Second, you should understand your rights. That is, an inheritance is not guaranteed simply by your being named as an heir or beneficiary. The deceased person’s Personal Representative or Trustee owes a duty to the deceased’s heirs and beneficiaries to distribute the estate in accordance with their last wishes, to the extent the estate is solvent enough to make those distributions. Whether or not you receive an inheritance will likely depend on the size of the estate, considering all assets and liabilities, and how assets are titled. For example, real property (e.g., homes and land) titled as “joint tenants with right of survivorship” passes to the surviving joint tenant outside of probate; you may not be entitled to this property as part of the probate estate.
Third, sometimes legal action will be required to protect your inheritance rights. Specifically, when there is a Will and your inheritance under it is delayed, a probate action may need to be filed with the court to protect your rights to the property in the estate. Depending on the size of the estate, the probate may be a formal, court-reviewed process, or an informal process with limited oversight from the judge. When this begins, the Personal Representative must notify creditors that they are permitted to bring claims against the estate.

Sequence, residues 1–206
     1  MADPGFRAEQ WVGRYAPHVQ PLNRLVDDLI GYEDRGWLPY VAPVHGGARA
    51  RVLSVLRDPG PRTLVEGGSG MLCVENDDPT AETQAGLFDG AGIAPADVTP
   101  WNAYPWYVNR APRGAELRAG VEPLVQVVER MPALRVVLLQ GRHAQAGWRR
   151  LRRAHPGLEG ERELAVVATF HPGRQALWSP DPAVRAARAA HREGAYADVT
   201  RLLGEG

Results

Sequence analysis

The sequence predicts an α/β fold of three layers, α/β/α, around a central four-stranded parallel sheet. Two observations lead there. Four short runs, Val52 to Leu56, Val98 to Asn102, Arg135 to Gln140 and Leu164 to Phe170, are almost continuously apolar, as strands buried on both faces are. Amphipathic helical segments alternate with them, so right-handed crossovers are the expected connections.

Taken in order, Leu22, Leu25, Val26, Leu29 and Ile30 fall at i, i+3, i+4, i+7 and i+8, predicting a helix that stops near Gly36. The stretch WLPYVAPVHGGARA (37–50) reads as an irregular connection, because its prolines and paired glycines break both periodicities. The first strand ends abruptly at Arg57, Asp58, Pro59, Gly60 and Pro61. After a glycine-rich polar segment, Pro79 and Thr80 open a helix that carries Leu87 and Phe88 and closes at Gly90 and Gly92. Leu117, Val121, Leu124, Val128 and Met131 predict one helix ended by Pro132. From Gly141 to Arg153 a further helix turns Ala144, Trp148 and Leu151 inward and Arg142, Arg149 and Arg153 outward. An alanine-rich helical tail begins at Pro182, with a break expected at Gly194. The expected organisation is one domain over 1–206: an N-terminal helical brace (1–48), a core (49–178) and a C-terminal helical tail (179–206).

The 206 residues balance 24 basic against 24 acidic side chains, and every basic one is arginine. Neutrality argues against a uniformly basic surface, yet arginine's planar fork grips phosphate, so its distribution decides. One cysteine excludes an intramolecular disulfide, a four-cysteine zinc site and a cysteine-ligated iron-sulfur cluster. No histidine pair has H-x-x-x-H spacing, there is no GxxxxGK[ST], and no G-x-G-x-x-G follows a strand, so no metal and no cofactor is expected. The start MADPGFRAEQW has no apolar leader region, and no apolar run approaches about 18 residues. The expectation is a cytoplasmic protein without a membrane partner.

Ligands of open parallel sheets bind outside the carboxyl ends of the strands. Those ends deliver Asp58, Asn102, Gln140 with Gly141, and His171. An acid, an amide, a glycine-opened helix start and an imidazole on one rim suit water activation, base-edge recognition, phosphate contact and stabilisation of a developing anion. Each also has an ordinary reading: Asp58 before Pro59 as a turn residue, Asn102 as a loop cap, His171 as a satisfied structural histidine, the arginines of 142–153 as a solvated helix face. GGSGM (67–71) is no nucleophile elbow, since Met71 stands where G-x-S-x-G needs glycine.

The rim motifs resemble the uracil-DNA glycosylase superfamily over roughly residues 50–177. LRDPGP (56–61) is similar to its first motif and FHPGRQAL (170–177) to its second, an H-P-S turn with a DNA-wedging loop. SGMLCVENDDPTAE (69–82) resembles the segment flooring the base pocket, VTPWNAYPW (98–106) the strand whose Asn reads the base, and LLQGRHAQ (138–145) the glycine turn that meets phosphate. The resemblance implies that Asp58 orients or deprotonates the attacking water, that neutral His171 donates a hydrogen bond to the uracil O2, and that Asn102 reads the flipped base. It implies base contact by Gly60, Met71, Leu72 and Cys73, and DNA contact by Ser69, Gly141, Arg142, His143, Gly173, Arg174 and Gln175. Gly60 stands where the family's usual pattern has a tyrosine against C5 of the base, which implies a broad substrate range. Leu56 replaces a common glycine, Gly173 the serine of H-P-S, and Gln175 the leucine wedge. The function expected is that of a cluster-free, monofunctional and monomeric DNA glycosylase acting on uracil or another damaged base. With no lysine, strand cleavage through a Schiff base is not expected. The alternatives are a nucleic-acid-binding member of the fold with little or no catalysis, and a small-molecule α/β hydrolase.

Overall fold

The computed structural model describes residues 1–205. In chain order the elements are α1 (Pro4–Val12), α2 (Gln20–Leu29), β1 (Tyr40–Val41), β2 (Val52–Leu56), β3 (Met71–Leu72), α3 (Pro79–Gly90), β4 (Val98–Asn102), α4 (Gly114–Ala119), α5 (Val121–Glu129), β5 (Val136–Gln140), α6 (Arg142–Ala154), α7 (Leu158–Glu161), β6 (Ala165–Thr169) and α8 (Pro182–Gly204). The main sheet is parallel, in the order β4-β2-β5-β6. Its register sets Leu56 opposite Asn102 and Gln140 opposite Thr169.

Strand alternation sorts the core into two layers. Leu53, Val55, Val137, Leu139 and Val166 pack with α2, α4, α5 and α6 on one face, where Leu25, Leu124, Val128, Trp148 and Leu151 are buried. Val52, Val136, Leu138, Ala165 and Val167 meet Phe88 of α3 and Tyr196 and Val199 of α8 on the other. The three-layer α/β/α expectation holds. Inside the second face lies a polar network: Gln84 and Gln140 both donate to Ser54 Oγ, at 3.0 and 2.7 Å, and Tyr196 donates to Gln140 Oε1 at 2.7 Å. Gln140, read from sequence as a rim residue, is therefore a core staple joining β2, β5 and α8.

After the Personal Representative pays all costs and expenses of administration, funeral expenses, debts, taxes, medical expenses, etc., the remainder of the estate is distributed — if there are any assets remaining. Thus, if sufficient funds remain after all liabilities are paid, you will receive at least some portion of your inheritance. Achieving this result may take one to two years, depending on the complexity and size of the estate.
A Trust will distribute the property in a similar manner without the need for a court action, but the Trustee must also pay the same fees, expenses, and taxes before distributions are made. Thus, you may ultimately inherit only some portion of the amount to which you seem otherwise entitled.
Nonetheless, if you suspect mishandling of the probate or trust estate, you may request an accounting from the Personal Representative or Trustee, which they are required to complete in a reasonable timeframe.
Last, if the Personal Representative or Trustee refuses to provide you a copy of the Will or Trust or refuses to distribute your inheritance, you should seek out the advice of an attorney who practices law in the area of probate, trust and estate litigation. Your attorney will review the estate documents and provide you with a plan of action.
At Schneider & Onofry, our experienced
probate litigation attorneys are ready to help you recover your rightful inheritance. We will explain your rights and assess your likelihood of success and assist you in charting a course to maximize your recovery from the estate.
Please give our office a call today at 602-230-8857 to set up an initial consultation to discuss your rights.